Rabbis Without Borders
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In 2009, President Obama accepted the Nobel Peace Prize, with a simple, moving speech. He spoke of the challenge of practicing peace, and of the concept of just war. And concluded:
The one rule that lies at the heart of every major religion is that we do unto others as we would have them do unto us. Adhering to this law of love has always been the core struggle of human nature. But we do not have to think that human nature is perfect for us to still reach for those ideals that will make the world a better place. Let us reach for the world that ought to be — that spark of the divine that still stirs within each of our souls.
Insert cynicism here ______________.
Last Thursday and Friday, I led Rosh Hashanah services. When all was said and done, I offered at least fourteen formal prayers for peace. Peace prayers are consistent with the High Holiday theme of teshuvah, repentance and return. We as individuals can reflect, repent and change; so can a city, a country, a species, a world.
On Saturday, my youngest son said something about our cat and I realized: I hadn’t actually meant a word of these fourteen prayers for peace.
Last night, this 18-year-old young man left for Israel. For nine months, he will participate in a work-study program, Habonim-Dror Workshop. After nine summers at a Canadian Labor Zionist youth camp, he knows his movement politics. He supports Israeli left-wing causes, including economic justice, LGBTQ acceptance, and environmental preservation. He embraces Rabin’s vision of equal rights for Israeli Arabs and good-faith negotiation with Palestinians. He is prepared with ideology.
He will spend half the year at Kibbutz Ein Dor in Northern Israel. Eight hours before he left, my husband remarked, “Ein Dor is only 120 kilometres (74 miles) from Damascus.”
Our son looked up from playing with his kitten and said, “You know what is starting to stress me out? The kitten is so big now that when she climbs the upright mattress, it wobbles like it might fall. Will you take care of her while I’m gone?”
He had no idea he had just put into words our thoughts about him.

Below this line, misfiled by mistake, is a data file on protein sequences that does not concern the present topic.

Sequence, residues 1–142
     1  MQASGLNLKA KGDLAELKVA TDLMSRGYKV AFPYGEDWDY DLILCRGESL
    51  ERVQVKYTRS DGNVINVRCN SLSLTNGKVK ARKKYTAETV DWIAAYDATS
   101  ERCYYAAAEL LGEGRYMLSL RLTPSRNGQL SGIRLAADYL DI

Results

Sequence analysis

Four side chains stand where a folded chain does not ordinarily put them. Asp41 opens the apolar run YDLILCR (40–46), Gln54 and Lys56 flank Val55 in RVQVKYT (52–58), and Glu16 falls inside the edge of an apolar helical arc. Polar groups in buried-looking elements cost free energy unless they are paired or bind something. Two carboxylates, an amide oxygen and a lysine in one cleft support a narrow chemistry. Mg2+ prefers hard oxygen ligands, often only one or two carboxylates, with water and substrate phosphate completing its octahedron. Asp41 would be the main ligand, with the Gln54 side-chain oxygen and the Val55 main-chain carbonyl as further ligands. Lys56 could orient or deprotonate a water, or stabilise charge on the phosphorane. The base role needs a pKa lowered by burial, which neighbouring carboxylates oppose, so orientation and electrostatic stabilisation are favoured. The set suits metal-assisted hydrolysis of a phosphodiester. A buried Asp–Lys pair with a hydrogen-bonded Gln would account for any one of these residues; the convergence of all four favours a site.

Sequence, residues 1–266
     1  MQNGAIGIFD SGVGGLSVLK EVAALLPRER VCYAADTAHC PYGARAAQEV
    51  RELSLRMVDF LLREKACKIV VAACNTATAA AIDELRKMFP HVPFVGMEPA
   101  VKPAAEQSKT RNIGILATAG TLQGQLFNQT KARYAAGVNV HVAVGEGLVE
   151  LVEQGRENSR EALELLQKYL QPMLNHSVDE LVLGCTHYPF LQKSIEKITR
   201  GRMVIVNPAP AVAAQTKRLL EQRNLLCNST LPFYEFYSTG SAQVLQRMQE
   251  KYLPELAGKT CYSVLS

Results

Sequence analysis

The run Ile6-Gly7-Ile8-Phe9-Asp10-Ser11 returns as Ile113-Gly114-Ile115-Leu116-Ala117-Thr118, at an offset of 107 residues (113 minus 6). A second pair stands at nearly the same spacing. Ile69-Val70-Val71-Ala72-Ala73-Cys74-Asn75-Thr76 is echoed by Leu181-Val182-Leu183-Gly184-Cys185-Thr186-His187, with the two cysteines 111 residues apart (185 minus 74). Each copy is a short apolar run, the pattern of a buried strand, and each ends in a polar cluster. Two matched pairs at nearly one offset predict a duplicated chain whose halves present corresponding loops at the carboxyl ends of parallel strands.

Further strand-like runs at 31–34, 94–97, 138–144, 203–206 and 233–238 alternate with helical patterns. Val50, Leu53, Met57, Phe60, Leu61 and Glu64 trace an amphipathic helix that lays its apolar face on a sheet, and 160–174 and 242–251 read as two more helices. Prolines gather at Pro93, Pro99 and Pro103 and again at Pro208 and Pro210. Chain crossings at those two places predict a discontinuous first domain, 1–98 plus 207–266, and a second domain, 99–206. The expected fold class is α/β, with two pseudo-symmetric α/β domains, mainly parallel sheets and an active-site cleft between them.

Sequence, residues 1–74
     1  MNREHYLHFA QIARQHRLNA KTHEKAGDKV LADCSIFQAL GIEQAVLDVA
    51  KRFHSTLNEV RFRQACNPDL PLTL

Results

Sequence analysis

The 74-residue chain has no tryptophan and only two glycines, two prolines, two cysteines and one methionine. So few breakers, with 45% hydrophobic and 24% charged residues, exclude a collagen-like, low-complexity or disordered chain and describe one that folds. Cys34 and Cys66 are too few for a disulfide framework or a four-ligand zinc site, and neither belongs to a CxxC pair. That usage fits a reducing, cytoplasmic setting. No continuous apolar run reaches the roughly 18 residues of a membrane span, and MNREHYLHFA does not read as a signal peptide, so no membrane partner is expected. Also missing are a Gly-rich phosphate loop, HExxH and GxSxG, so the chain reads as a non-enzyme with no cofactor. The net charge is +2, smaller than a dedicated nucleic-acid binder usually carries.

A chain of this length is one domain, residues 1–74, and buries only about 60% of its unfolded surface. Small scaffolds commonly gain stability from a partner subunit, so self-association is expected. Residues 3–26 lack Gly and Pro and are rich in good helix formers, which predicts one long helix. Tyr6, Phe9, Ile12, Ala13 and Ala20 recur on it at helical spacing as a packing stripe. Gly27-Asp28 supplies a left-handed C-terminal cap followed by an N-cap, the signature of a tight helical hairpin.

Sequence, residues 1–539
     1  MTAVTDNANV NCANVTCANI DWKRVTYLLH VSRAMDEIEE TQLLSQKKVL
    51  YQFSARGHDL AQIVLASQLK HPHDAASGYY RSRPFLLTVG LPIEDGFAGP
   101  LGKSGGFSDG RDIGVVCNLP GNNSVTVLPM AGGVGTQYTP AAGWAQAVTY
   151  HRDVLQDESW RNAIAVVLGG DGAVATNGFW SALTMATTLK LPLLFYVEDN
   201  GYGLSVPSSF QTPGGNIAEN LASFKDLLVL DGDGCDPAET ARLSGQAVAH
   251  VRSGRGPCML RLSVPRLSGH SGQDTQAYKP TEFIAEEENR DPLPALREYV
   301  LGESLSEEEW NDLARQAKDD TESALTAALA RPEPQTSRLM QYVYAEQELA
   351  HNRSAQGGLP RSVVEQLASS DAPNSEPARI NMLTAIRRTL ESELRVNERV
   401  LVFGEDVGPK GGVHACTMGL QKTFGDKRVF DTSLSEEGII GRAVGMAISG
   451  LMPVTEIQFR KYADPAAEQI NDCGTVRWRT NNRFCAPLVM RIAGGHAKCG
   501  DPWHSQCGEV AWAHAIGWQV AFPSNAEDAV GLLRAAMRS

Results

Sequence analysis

He does not believe the U.S. will attack Syria. He is prepared with love, idealism, and optimism. We, his parents, are prepared with skepticism, fatalism and fear.
Often I speak of the tragedy of human learning. As soon as elders gain wisdom from their many mistakes, they retire. They turn the world over to a younger generation, poised to make the same mistakes. And so it goes, generation after generation; war after war; injustice after injustice. Nothing can really change.
Beginning today, I shall see the tragedy differently, as a tragedy of lost innocence. Elders learn that mistakes and their costs are the way of the world. They take Murphy’s Law and Peter’s Principle seriously. If anything can go wrong it will. Everything takes twice as long as you think. Leaders are just ordinary people, promoted to their highest level of incompetence. All of recorded human history documents only 30 years of international peace.
My son does not need to carry that skepticism. Let him and his fellow travelers carry sparks of love. Maybe love alone won’t change the world. But lack of love certainly will, and not for the better.
I’ll choose to believe that teshuvah is possible. We as individuals can reflect, repent and change; so can a city, a country, a species, a world.
On Yom Kippur, I’ll offer another fourteen formal prayers for peace. But in my heart, I’ll hold the words of the fictional Captain John Sheridan of the space station Babylon 5, penned by J.M. Straczynski:
In the last few years, we’ve stumbled.
We’ve stumbled at peace and we’ve stumbled at justice.
And when you stumble a lot, you start looking at your feet.
And we have to make people lift their eyes back to the horizon of the line of ancestors behind us saying, “Make my life have meaning!”
And see our inheritors before us saying, “Create the world we will live in!”
Safe travels, son. Safe travels for you and your generation of fellow travelers.
Image: pina92.blog.onet.pl. Cross-posted at OnSophiaStreet.
Pronounced: roshe hah-SHAH-nah, also roshe ha-shah-NAH, Origin: Hebrew, the Jewish new year.